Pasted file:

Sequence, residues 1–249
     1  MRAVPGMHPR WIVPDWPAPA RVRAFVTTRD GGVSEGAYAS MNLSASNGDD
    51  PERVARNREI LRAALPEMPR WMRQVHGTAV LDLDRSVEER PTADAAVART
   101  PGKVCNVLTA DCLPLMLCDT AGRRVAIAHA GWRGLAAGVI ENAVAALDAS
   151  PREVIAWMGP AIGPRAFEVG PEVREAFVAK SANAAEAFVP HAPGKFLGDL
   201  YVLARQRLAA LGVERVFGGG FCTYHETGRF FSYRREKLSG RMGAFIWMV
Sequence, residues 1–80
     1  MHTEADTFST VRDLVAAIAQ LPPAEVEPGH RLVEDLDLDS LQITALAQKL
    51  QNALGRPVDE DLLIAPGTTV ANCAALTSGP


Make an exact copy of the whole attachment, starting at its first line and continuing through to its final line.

Sequence, residues 1–249
     1  MRAVPGMHPR WIVPDWPAPA RVRAFVTTRD GGVSEGAYAS MNLSASNGDD
    51  PERVARNREI LRAALPEMPR WMRQVHGTAV LDLDRSVEER PTADAAVART
   101  PGKVCNVLTA DCLPLMLCDT AGRRVAIAHA GWRGLAAGVI ENAVAALDAS
   151  PREVIAWMGP AIGPRAFEVG PEVREAFVAK SANAAEAFVP HAPGKFLGDL
   201  YVLARQRLAA LGVERVFGGG FCTYHETGRF FSYRREKLSG RMGAFIWMV
Sequence, residues 1–80
     1  MHTEADTFST VRDLVAAIAQ LPPAEVEPGH RLVEDLDLDS LQITALAQKL
    51  QNALGRPVDE DLLIAPGTTV ANCAALTSGP